• Currently serve on ASTM International and American Herbal Products Association (AHPA) Cannabis Committees
  • Supported the development of operating standards and wrote standard operating procedures (SOP) for Good Manufacturing Practices (GMP) for cannabis standards‐setting organization, currently under review by ASTM International
  • Currently serve as regulatory and quality assurance consultant for hemp industry and trade organizations
  • Founding member of new self regulatory organization for hemp and CBD products
  • Coordinated initial R&D, production, quality assurance and regulatory affairs for a cannabis startup with operations in Washington, Colorado and Nevada
  • Assisted in development of cannabis license applications in New York, Florida, California, Colorado and Louisiana
  • Established analytical testing standards and guidelines for potency and purity of cannabis products
  • Audited cannabis analytical laboratory data according to ISO 17025 standards
  • Developed in‐house formulas, materials lists, manufacturing processes, manufacturing records and operational guidelines for cannabis extract and finished product production
  • Developed R&D for and commercial processes for large‐scale extraction and purification of cannabinoids and terpenes from cannabis
  • Developed products with improved dose delivery methods including water soluble and precise cannabinoid ratio products

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What do CBD and Cannabis experts do?

We write SOP and provide expert guidance: 

Cannabis & Hemp Procedures and SOP (Standard Operating Procedures) are the central part of operations of any cultivation, extraction, processing, packaging or testing business. Startups who invest in solid standard operating procedures (SOP) find themselves several steps ahead, running efficiently, with well-trained staff, and don’t suffer any costly mistakes. Cannabis SOP are required by each state where cannabis, marijuana or hemp are regulated.

Any cannabis, hemp, medical or adult-use (recreational) marijuana product is subject to a number of controls, from seed to shelf. NaturPro Scientific has supported a number of clients in the aim of providing safe, effective cannabis and hemp products to support human health.

Our services for CBD, cannabis and hemp include:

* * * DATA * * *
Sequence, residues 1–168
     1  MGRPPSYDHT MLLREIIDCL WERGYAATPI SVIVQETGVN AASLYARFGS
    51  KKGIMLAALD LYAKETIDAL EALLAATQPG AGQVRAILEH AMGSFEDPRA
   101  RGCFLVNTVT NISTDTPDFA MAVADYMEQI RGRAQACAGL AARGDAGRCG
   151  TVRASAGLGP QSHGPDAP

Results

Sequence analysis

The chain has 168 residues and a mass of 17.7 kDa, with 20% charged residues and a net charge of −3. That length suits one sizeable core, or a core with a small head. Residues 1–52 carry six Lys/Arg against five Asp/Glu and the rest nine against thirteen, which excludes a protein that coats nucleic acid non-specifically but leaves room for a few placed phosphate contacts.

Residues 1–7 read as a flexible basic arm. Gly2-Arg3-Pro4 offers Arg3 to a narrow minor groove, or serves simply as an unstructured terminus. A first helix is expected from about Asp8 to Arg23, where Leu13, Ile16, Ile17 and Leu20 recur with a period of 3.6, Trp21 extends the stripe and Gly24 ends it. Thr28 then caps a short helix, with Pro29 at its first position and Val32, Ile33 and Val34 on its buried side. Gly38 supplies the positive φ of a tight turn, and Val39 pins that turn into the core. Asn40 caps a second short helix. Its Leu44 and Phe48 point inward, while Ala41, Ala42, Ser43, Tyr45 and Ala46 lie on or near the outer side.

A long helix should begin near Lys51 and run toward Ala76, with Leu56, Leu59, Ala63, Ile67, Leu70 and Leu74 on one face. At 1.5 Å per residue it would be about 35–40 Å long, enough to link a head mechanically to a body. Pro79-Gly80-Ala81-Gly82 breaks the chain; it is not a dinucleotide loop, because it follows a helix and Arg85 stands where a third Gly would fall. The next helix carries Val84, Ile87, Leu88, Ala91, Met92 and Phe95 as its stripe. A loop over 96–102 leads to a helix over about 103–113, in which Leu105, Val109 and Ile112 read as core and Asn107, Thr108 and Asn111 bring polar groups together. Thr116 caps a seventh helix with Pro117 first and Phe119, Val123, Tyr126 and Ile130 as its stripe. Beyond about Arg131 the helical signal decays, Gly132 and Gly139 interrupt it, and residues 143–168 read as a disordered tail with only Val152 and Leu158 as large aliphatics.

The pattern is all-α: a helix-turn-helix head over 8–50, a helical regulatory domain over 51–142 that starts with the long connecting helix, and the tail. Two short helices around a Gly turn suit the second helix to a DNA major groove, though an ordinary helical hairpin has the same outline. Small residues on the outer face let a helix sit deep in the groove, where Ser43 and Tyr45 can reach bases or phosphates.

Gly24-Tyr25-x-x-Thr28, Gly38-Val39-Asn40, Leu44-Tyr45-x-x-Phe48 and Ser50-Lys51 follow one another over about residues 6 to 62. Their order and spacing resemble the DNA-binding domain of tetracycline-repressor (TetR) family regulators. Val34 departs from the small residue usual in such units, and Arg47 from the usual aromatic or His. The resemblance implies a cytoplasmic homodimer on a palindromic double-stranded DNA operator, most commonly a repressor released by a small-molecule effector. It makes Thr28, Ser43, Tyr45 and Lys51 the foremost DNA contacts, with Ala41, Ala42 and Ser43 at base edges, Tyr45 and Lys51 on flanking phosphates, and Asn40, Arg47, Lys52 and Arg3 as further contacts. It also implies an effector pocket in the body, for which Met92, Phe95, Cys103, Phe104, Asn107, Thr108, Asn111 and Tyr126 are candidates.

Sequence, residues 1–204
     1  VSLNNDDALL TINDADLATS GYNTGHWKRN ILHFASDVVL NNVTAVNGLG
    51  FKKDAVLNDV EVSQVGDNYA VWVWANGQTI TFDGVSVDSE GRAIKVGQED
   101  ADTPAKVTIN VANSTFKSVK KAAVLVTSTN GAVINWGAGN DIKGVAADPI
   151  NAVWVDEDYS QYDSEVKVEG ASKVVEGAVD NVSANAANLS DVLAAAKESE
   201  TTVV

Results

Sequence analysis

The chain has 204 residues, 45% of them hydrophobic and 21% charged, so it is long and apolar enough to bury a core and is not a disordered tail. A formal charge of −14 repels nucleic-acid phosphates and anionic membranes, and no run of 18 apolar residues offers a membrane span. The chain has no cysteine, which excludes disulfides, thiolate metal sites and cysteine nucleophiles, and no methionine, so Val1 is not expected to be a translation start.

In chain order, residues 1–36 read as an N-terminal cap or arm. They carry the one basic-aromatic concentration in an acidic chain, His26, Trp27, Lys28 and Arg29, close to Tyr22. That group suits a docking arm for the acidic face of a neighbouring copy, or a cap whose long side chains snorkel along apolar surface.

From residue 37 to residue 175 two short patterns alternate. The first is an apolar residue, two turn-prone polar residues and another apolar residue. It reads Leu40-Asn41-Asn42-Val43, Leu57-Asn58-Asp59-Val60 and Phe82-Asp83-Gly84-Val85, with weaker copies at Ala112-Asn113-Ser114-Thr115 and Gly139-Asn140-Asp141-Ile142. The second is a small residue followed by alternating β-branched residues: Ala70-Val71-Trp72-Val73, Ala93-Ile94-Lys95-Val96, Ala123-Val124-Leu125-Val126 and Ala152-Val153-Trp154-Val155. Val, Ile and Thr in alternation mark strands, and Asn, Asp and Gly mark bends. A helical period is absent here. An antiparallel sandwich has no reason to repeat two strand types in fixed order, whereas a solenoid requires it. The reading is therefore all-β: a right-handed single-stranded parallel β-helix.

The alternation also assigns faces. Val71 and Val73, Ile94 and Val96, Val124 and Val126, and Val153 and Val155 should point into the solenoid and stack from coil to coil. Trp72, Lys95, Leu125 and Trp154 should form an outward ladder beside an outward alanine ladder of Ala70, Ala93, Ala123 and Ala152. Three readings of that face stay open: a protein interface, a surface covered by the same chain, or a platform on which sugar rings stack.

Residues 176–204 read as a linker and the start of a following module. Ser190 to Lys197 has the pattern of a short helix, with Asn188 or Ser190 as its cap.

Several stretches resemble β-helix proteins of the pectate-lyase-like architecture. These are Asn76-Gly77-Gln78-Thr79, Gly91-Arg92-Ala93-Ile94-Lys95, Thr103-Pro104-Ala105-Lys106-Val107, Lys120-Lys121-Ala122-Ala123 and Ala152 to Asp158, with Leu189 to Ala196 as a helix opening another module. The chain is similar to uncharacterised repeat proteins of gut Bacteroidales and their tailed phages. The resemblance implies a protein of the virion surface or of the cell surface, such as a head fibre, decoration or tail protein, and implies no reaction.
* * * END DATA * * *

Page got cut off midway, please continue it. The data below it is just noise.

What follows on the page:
1. Regulatory Submissions and Licenses
  2. Standard Operating Procedures (SOP)
  3. Good Manufacturing Practices (GMP)
  4. Food Safety Programs
  5. Gap Analysis and Audits
  6. Extraction and Production Processes
  7. Lab Safety and Hazardous Materials Handling
  8. Advanced Formulations
  9. Supplier and Vendor Qualification
  10. New Product Development
  11. Analytical Test Method and Laboratory Development,
  12. Materials Testing & Certificates of Analysis
  13. Operations, Facilities, Staffing & Training
  14. Investor Due Diligence
  15. Risk Assessment, Prevention & Management

Single Laboratory Validation of Ethanol in Kombucha Tea

by NaturPro in Uncategorized Comments: 0

Single Laboratory Validation of Ethanol in Kombucha Tea by Gas Chromatography with Flame Ionization Detection

The objective of this study was to ensure the validity of test results of ethanol in kombucha tea by performing single laboratory validation (SLV) of a method using gas chromatography with flame ionization detection (GC-FID).

Downloads:

SLV Study of Ethanol in Kombucha

Research News: SLV Study of Ethanol in Kombucha

AOAC SMPR

 

Why Verify, Then Trust?

by NaturPro in Uncategorized Comments: 0

“Verification” is the 2016 buzzword for food and supplements, due to the sequence of food safety crises that arguably started with salmonella in peanut butter in the early 2000s.

Recently, FSMA and the “Identity Crisis” for botanical ingredients in supplements have renewed the requirement for verification of quality and safety practices in the supply chain: raw materials, manufacturing practices and test methods being three big areas of focus.

“Trust But Verify” is attributed to President Reagan and later FDA and quality assurance folks. Although it is a well meaning mantra, doesn’t it make verification seem optional?  Shouldn’t we verify BEFORE trusting?

We do know that trust disappears soon after a failure to verify becomes apparent.

From Salmonella in peanut butter, to misidentified plant extracts, to illegal levels of contaminants in your food or supplement, verification is how trust is ensured.

While trust is the ultimate goal, verification comes first.

#verifythentrust

First published on LinkedIn, April 2016

2-Minute Tip: 6 Ways Ingredients Communicate Value

by NaturPro in Uncategorized Comments: 0

Product development is an increasingly painful process, taking weeks and months to sort through and evaluate ingredients.

That’s because the evaluation process involves cutting through the marketing fluff and understanding (and communicating) the core value of your product.  This makes it a difficult and time-consuming task for your customers.